“The different vehicles that operate on the kerbside have different needs and are nuanced – from servicing vehicles to delivery vans – and they all have different safety issues and regulations.”
Founder, tech company
Like all cities, London has a huge range of freight and delivery needs. Vehicles might start and finish their journey in the city, leave London for elsewhere, or vice versa. Different types of goods and services have different requirements. Parcels need to be delivered quickly, and some products need refrigeration, while construction waste can travel at slower speeds. Some deliveries are bulky, and others can be easily carried on a bike.
In this chapter, we set out the key reasons that freight and delivery journeys are made in London. We focus on five sectors that together make up the bulk of freight vehicle movements: parcel deliveries, food supply chains, construction supply chains, servicing, and waste and reuse. There are of course other reasons for freight vehicles to be on the road, as well as some overlap between these categories – for example, waste from one building site can become part of the construction supply chain for another. But a survey of these five key sectors will show us how journeys are changing now, how they are likely to change in future, and the different ways that we can reduce their impact on the city and the planet.
The parcel delivery sector – goods delivered direct to consumers, usually at small scale – has been increasing in London for some time as a result of the shift to online shopping. 31 There has also been a corresponding decline in bricks-and-mortar retail, and both trends have been accelerated by the coronavirus lockdowns. The end of pandemic restrictions might abate this change somewhat, but it does not seem likely to reverse it. 32 In addition, a minority of goods received in delivery parcels are returned to the retailer, increasing volumes further.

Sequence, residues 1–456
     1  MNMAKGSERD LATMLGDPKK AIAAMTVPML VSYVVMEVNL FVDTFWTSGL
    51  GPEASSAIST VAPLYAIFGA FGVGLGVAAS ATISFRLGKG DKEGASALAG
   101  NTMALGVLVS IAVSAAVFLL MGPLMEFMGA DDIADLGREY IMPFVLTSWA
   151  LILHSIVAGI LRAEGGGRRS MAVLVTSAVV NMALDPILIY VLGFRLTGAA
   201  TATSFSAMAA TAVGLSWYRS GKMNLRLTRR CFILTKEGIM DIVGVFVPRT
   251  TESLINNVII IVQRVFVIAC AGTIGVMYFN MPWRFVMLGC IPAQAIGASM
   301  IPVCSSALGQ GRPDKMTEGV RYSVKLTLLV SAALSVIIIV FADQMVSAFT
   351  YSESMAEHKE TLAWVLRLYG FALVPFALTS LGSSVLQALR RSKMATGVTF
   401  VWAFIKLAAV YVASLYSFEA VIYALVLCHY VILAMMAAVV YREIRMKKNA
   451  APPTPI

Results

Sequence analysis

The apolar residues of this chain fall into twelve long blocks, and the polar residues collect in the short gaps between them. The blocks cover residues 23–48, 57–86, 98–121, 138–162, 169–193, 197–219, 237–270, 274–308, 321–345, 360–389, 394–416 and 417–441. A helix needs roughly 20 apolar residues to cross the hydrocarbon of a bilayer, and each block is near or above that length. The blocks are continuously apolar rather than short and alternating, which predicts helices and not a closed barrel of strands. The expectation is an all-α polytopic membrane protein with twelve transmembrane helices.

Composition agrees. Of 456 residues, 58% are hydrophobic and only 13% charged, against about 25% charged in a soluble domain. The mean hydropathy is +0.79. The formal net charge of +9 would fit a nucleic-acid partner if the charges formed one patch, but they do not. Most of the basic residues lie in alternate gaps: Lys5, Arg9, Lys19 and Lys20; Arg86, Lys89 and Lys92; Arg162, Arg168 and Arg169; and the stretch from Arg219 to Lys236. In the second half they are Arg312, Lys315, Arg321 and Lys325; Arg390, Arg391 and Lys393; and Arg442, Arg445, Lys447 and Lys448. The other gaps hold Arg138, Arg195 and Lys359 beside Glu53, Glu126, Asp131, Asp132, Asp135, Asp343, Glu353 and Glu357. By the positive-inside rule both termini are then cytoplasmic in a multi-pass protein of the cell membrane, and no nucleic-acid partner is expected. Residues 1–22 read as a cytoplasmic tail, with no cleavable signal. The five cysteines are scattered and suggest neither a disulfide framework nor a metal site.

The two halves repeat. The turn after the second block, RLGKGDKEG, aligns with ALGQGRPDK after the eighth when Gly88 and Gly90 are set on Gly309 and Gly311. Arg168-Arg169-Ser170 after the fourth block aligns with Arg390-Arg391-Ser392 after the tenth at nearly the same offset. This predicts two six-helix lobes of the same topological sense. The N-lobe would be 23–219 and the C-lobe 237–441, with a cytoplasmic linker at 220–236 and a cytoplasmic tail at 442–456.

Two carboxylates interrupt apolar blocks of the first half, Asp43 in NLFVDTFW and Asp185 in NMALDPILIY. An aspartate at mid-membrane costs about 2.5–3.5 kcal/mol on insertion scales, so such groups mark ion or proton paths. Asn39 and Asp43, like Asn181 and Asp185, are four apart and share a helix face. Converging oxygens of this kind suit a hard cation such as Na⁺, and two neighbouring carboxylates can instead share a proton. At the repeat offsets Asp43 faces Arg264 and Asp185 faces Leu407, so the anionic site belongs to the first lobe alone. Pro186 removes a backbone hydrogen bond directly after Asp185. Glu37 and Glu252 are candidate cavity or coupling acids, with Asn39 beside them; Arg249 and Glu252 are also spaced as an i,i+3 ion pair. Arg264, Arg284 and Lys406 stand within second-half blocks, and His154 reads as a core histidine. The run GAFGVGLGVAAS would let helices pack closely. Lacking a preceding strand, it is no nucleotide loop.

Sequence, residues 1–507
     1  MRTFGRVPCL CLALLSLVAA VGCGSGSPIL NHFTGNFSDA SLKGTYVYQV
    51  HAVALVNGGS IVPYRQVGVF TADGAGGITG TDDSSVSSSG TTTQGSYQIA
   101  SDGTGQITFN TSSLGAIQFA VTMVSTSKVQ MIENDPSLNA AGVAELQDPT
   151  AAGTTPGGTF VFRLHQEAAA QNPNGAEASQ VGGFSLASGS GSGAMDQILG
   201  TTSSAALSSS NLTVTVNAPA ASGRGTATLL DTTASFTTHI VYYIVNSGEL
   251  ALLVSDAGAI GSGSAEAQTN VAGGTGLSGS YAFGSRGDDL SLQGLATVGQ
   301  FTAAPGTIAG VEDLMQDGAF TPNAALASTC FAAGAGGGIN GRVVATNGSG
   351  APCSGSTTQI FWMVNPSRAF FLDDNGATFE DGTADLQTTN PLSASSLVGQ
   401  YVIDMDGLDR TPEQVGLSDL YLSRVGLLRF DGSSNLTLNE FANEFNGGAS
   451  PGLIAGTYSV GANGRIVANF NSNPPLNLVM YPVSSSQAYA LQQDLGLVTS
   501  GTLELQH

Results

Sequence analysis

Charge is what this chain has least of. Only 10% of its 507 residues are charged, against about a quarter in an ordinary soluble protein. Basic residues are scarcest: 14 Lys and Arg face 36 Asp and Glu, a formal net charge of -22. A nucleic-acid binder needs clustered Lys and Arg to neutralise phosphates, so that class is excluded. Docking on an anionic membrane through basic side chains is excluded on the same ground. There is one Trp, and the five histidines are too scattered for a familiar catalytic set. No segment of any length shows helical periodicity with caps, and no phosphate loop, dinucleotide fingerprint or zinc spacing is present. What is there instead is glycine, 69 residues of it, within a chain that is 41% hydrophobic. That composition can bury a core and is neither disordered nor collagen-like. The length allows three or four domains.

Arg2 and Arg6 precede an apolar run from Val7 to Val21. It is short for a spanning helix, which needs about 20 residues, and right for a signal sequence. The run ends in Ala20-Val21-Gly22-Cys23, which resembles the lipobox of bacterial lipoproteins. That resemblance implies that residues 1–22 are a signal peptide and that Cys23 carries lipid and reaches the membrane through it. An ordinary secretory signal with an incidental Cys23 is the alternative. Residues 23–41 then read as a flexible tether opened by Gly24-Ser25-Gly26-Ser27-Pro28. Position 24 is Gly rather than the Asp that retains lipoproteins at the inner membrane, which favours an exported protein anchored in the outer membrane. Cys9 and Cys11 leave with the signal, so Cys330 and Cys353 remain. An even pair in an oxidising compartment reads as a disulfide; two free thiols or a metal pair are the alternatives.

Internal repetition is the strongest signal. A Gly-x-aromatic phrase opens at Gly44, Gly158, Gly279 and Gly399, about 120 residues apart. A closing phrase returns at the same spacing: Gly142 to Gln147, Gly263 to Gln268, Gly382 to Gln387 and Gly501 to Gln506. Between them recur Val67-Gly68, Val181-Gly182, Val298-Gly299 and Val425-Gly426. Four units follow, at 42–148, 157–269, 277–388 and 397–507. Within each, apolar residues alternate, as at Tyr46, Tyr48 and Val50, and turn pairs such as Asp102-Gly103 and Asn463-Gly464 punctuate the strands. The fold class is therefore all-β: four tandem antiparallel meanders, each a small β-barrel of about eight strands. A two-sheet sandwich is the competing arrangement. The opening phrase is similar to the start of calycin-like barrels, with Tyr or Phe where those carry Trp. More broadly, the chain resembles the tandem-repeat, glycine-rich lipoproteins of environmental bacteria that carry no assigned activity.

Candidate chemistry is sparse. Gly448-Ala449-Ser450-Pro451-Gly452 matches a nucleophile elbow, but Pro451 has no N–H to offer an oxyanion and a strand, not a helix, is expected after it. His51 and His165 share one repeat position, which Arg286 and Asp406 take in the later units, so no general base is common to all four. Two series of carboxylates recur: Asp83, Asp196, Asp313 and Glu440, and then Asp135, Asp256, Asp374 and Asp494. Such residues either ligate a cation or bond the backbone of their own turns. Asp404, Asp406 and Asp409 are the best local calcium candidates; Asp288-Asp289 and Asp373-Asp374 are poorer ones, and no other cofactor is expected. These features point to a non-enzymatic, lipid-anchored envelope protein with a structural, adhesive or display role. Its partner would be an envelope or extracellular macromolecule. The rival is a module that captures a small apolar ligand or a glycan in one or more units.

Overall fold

Parcel delivery to people’s homes across the UK was once the preserve of the Royal Mail and its sister company Parcelforce. However, changing competition rules and the sector’s expansion mean there are now multiple, competing parcel delivery firms on our roads. Some retailers also have their own delivery fleet. These are often large stores supplying bulky goods like electrical items and furniture, or smaller local firms like florists who make delivery rounds in a small area. As a result, it is common to see delivery vans from several companies arrive at the same address in a short space of time and compete for the kerbside.
Most parcel deliveries (except those handled by the retailer themselves) are picked up from the retailer and taken to a distribution centre. If they are travelling a long way, they may be delivered to another, more local distribution centre, before being unpacked into smaller vehicles and taken to people’s homes. A small amount of mail travels by train, usually from London to Scotland, but the vast majority of deliveries are made by road. Bicycle and motorcycle couriers have been part of inner London’s logistics infrastructure for many years: these were often used to transport time-sensitive documents between offices, as they could move faster in traffic than a car. Document deliveries are now less common, but bike deliveries are becoming more common – partly driven by increased interest in low-carbon and low-pollution choices, and partly by the development of cargo e-bikes, which make it easier to carry heavy loads over longer distances.
Parcel delivery firms face significant challenges operating in London. Road charging schemes operate in the city for different types of vehicles, including the expanded ULEZ increase costs. Congestion levels are often 22 high, and this makes it harder to time deliveries accurately, which can be frustrating for consumers. In some places, changes to encourage cycling and walking have increased congestion and slowed journey times for larger vehicles. However, these changes may encourage modal shifts as operators find alternative ways to ensure reliable and efficient deliveries. In 2020, DHL launched its first riverboat parcel delivery service, which brings shipments to Bankside Pier for onward “last mile” delivery by cargo bikes.